Twemlow, père et fils

A bitter family feud ensued
when Twemlow won the Lotto.
The selfish whelp refused to help
enlarge the family potto.

Twemlow Senior lead the charge
with this acerbic jibe:
‘Junior, you’re a bastard,
I’ll tan your selfish hide.’

— And if I am a bastard,
then what does that make you?
I never felt at home here,
I’m off to pastures new.

And so the wealthy bastard
lives at ease in old Belize,
while his poor bedraggled family
pays the rent by shelling peas.

The lesson of my story is:
if you win the Lotto,
you may find out you’re not the one
you thought your dad begotto.


Light verse

Let’s lighten life’s lacunae
with some lilting levity,
and I suggest we start the quest
with nonsense poetry:

There was a young man from Lahore
who said that Lahore was a bore,
so he went to Peru on a kangaroo,
and went back to Lahore no more.

Sick leave

I heard that you were ill last week
— was it meningitis?
Or did you stay in bed all week
just so you could spite us?

— Oh no, esteemed employer,
now who would stoop so low?
I had to stay in bed last week
to let my moustache grow.

We gave your job to Baldy,
when you just disappeared.
Now you can go back to bed,
and grow yourself a beard.

A vision of beauty

Leonora wore an elegant apricot gown, and her silken hair was accented by a delicate spray of orange blossoms. The very air adored her as she glode along the sunlit  promenade, a tangerine reticule in one hand, and a bittersweet parasol in the other. When she entered the orangery, she disappeared completely.

The cat & the light

The light comes through the window
and bounces off the cat,
the cat jumps up and stares about:
— ‘What the hell was that?’

It’s only sunlight, Pusskins,
the bright diurnal ray.
I don’t suppose you’ve noticed
cos you mostly sleep all day.

— Effrontery, if you ask me!
Gave me quite a start!
What’s the point of sunlight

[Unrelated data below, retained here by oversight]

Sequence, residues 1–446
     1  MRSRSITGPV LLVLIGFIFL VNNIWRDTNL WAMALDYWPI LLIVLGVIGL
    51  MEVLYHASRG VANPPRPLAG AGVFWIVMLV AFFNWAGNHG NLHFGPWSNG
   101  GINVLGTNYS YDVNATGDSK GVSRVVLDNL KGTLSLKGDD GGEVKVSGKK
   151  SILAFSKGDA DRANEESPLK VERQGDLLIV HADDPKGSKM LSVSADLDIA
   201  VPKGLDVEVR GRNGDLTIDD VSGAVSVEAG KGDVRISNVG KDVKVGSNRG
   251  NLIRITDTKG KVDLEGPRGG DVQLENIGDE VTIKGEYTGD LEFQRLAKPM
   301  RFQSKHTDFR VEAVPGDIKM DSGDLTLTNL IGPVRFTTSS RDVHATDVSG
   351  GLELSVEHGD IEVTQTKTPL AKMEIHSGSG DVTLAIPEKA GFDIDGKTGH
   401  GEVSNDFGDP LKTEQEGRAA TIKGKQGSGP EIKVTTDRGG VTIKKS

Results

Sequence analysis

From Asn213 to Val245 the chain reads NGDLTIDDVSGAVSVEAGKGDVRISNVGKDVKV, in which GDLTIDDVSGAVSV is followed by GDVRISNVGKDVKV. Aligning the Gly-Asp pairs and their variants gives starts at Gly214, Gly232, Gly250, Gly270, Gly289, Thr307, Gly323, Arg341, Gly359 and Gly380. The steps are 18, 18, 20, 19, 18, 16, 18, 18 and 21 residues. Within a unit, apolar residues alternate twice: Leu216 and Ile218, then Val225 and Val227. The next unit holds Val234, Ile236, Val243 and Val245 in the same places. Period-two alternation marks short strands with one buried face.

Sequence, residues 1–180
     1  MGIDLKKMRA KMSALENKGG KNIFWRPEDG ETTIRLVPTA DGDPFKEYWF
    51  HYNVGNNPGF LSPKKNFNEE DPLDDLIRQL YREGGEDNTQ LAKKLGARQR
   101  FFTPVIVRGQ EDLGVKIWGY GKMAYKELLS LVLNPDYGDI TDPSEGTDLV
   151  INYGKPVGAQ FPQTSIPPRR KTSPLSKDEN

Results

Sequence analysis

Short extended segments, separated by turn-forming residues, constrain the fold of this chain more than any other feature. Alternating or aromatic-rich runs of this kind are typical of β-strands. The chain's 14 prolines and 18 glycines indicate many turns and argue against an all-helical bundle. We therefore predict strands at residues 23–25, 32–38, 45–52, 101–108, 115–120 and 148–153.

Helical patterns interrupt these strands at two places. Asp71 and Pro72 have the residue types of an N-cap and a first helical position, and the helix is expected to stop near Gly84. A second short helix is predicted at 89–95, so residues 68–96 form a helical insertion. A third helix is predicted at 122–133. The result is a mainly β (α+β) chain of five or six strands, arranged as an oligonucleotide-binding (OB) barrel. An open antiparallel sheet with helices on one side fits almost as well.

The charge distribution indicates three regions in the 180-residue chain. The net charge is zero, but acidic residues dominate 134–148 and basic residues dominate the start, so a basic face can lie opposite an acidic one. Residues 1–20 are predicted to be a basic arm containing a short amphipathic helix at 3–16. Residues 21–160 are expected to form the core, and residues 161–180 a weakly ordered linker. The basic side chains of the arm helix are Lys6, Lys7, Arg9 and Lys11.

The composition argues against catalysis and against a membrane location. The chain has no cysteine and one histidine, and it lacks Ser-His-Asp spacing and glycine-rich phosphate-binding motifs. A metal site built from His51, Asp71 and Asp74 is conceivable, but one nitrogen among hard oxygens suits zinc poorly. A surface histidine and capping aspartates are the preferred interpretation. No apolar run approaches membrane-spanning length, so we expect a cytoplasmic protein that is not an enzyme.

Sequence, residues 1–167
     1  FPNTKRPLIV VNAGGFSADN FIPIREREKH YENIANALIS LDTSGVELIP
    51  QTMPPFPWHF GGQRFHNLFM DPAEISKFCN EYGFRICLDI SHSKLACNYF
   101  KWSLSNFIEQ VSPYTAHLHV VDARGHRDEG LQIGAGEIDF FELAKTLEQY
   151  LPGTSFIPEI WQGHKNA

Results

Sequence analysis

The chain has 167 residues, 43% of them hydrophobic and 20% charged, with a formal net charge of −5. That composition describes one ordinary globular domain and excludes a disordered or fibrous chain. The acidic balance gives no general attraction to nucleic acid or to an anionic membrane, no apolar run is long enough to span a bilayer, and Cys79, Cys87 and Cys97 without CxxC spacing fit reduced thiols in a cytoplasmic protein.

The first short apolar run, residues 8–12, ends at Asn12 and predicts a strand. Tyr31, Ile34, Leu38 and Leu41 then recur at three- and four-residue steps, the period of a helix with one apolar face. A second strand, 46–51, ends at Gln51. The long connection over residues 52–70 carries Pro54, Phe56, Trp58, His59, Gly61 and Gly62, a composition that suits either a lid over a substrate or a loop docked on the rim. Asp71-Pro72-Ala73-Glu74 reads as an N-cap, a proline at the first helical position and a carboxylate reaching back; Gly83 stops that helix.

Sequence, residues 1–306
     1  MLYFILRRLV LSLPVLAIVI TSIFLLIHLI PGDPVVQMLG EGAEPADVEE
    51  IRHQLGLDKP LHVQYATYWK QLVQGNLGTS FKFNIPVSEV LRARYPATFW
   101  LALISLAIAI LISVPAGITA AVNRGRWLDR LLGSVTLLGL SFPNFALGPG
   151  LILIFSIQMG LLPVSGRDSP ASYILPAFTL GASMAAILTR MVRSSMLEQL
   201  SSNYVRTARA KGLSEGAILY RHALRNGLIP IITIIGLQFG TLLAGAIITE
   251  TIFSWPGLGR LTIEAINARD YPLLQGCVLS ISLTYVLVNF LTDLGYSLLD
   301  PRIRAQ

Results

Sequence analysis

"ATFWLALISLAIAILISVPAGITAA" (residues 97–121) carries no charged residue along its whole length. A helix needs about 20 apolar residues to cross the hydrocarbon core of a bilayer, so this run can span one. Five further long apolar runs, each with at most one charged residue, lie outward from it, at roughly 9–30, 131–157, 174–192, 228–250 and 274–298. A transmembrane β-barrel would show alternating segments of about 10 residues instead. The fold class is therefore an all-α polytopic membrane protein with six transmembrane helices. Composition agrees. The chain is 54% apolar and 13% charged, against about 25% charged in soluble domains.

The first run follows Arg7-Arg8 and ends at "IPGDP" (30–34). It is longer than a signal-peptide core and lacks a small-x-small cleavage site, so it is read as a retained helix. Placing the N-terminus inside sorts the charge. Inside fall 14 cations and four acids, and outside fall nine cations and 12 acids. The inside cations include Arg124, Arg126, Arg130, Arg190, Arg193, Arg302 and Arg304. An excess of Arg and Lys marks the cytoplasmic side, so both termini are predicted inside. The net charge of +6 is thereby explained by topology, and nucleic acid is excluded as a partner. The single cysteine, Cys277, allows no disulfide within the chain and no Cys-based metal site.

when there’s always after dark?

Some folks like the sunlight,
it drives the gloom away.
Rouse yourself and run about,
enjoy the cheerful day.

— We cats know nothing of the gloom,
that makes you humans frown,
cos we can see what you can’t see
when the sun goes down.

We see into the heart of God,
his secrets dark and deep.
Now close those goddam curtains,
I’m going back to sleep.


Happy thoughts

In semblance of a chicken
that has recently been stricken,
we run around in circles
till we drop.

In semblance of a toad
that’s been squashed upon the road,
we give a tiny shudder,
then we stop.

Oh I do enjoy my happy thoughts,
and sharing them with others.
My poems are like heartbeats:
tiny, futile shudders.

Not me

Oh to be a crested goose
above the sea so clear,
bound for Valparaiso
or anywhere but here.

Oh to be a dentist
or the Laird of Cap-na-dree.
Oh to be just someone else,
anyone but me.

I see you read these ragged lines,
your face is turning blue:
I must admit, now I think of it,
I’m glad that I’m not you.


Mother’s love

Is that you, Cedric, in the hall?
Come and join me, dear.

— Oh mother, I’m just dashing out
to — get some ginger beer.

You’re hiding something, Cedric,
a mother always knows.

— Not at all, dear mother,
now why would you suppose…?

You never used to be like this,
you always told the truth.

— Well, if you must know, mother,
I’ve got a date with Ruth.

— Now don’t be silly, Cedric!
That’s not at all like you!

— I do still love you mother,
but I’m nearly fifty-two.

Not until September, dear,
there’s still a bit to wait.
Now come in here and join me
or you’ll get no birthday cake.


Up in court again today,
same old judge as last time.
He said ‘You again, you bastard!
Is affray your only pastime?’

— I just had to come again, M’Lud,
to see your smiling face,
and the way you hand out justice
with such poise, such easeful grace.

Can I have your autograph?
to me that would be bliss!
I love the way you’ve done your hair
— any chance of a kiss?

‘Contempt of Court’ is what he said
— it pierced me like a dart!
Oh how we lovers misconstrue
the passions of the heart.


The happy strangler

I fastened a hand-made noose to my wrist and set off.

The sky above the city was demon-black, and I was in strangler’s Heaven. Nearby, a taxicab splashed a deadbeat, and in the distance, a siren wailed a baleful threnody.

I smiled to think of God’s infinite goodness, in which we mortals macerate like cockroaches in the cesspit of life.

Just then —  a violent tug on my shoulder! I was yanked back by — what? Something huge, powerful, was hauling me by my collar: ‘Strangler caught! Set to dangle!’ (Strangling Today) ‘Local vigilante nabs monster!’ (Local Gazette).

In an instant I was skimming across the street like hemp on a beldam’s neck, drawn by some unknown but irresistible force.  The fiend — for fiend he was — beetled into a police station, and I followed.